Little Bits of History

March 28

Posted in History by patriciahysell on March 28, 2017

1910:  The Fabre Hydravion flies. Henri Fabre was born in 1882 in Marseille, France. His family were shipowners in the city which afforded him an education at the Jesuit College of Marseilles where he studied the sciences. With the advent of flight, he turned his attention to airplanes with particular attention to propeller design. His fascination with flight led him to experiment and he patented a system of flotation devices which allowed him to be the first to built, fly, and survive seaplane flight. On this day he made four consecutive flights (his first four flights ever), the longest one about a third of mile.

Hydravion is French for seaplane or floatplane and Fabre worked on the design for four years. He was helped by Marius Burdin, a mechanic, and Leon Sebille, a naval architect. The craft the men developed was unnamed, but the English press and popular nomenclature bestowed the name “Hydravion” on it. The monoplane used Fabre’s patented beam design based on several components already in use but configured specially for taking off from the water. The plane was equipped with three large floats to keep it from sinking. While the day’s longest flight was less than a mile, within a week the distance had grown considerably to 3.5 miles.

The seaplane was a dream of many pioneering aviators and soon others were building their own planes, some using Fabre floats. Soon after her maiden flight, the Hydravion was damaged. The plane was repaired and on April 12, 1911 Jean Becue was flying it at the conours de Canots Automobiles de Monaco and crashed. The plane was damaged beyond repair and no other Hydravions were ever built. The plane is displayed today at the Musee de l’Air in Paris. Fabre himself preferred sailing and as late as 1971 could still be found sailing alone in the Marseille harbor. He died in 1984 at the age of 101.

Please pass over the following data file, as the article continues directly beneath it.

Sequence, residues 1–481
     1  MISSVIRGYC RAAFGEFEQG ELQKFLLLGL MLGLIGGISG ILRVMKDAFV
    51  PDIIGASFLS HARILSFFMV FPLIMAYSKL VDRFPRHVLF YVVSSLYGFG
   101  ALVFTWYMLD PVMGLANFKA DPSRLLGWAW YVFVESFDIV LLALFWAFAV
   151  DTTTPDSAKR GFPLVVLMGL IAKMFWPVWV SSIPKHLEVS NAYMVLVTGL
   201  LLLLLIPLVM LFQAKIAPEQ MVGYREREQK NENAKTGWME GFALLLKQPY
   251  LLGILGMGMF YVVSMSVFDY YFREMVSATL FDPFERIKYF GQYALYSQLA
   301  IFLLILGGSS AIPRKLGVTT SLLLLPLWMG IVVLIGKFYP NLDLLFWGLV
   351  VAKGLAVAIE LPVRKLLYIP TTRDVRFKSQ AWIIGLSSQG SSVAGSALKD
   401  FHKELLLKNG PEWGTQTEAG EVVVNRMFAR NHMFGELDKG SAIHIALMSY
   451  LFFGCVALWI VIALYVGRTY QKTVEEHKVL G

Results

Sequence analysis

Seaplanes remain a minor part of the aviation industry. Post-World War II building of airports made them less necessary but they have held onto some niche uses. They are divided into two categories, floatplanes and flying boats. Floatplanes have pontoons while flying boats rely on buoyancy in the fuselage. A seaplane can both take off from and land on water (and only on water) but some modern modifications have made floats retractable, allowing them to also take off and land away from water. They have come a long way from Fabre’s model, the first seaplane to take off and land on the water under its own power.

I was a child of World War Two. I saw films of pilots taking off from aircraft carriers and decided that was the only thing I wanted to do. And it had to be flying from sea carriers. Airfields were not enough. – Eugene Cernan

I don’t have a fear of flying; I have a fear of crashing. – Billy Bob Thornton